§ The Minister of State, Northern Ireland Office (Mr. Concannon)
Average public authority rents in Northern Ireland are lower than in Great Britain. The financial relationship between the Northern Ireland Department of Environment and the Housing Executive is under review, and I hope to make a statement shortly about new arrangements to replace the existing complicated system of grants, subsidies and deficit payments.
My officials are also associated with the major review of all aspects of housing finance in both public and private sectors in Great Britain set on foot by my right hon. Friend the Secretary of State for the Environment, and already well advanced.
There will be ample opportunity for informed public discussion of the issues involved when the results of these two reviews are available, and I do not consider that any further Northern Ireland inquiry would be justified.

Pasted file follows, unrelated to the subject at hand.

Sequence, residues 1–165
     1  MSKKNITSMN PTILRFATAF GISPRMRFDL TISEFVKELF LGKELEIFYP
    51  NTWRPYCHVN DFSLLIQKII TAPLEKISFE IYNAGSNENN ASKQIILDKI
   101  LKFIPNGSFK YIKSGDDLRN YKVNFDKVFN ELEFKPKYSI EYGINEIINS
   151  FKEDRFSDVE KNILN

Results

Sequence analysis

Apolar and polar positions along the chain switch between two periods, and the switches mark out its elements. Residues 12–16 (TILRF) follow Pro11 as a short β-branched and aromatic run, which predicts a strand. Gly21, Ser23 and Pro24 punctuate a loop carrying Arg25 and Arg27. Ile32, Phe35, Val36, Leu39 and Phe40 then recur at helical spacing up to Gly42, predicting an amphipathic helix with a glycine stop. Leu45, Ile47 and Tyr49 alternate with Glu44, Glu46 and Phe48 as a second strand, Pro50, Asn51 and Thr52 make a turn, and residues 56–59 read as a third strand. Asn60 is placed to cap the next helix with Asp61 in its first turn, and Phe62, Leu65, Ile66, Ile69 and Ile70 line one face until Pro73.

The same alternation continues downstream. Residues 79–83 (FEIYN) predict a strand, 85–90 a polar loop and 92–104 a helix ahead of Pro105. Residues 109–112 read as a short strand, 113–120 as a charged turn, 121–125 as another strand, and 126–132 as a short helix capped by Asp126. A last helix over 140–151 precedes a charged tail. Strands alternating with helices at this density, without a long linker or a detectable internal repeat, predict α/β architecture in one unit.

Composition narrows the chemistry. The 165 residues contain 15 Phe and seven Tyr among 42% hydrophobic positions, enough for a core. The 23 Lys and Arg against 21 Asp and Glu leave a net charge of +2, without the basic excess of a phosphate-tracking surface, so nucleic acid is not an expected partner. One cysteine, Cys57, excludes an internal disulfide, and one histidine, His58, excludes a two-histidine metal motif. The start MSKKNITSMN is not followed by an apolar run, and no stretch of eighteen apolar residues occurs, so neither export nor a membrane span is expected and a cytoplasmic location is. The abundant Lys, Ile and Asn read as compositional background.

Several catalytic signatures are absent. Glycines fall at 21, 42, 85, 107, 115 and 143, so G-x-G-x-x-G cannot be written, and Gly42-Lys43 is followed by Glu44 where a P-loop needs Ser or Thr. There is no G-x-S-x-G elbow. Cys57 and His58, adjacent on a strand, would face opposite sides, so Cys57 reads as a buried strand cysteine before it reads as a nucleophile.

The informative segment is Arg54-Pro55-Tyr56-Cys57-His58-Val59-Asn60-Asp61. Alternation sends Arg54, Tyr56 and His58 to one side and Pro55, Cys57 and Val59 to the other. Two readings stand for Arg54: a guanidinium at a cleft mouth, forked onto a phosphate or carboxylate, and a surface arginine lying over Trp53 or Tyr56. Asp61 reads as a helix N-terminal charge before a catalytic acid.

§ Mr. Fitt
Does my hon. Friend agree that while there is a need for the provision of thousands of public authority houses in Northern Ireland, because of the present state of houses there, those houses that are built must be let at a rent that the tenant can afford? In view of the unemployment and deprivation in Northern Ireland, is he satisfied that the present rent structure of local authority housing is not too high?
§ Mr. Concannon
The present structure is very much in Northern Ireland's favour. In May 1975, the average rent was £2.45, while in England and Wales it was £4.16. Also, there is a rent rebate system in Northern Ireland comparable to that existing in the rest of the United Kingdom. I am disappointed by the take-up of rebates, but that is the fault not of hon. Members in this House but of the bad advice given by non-elected people who should know better.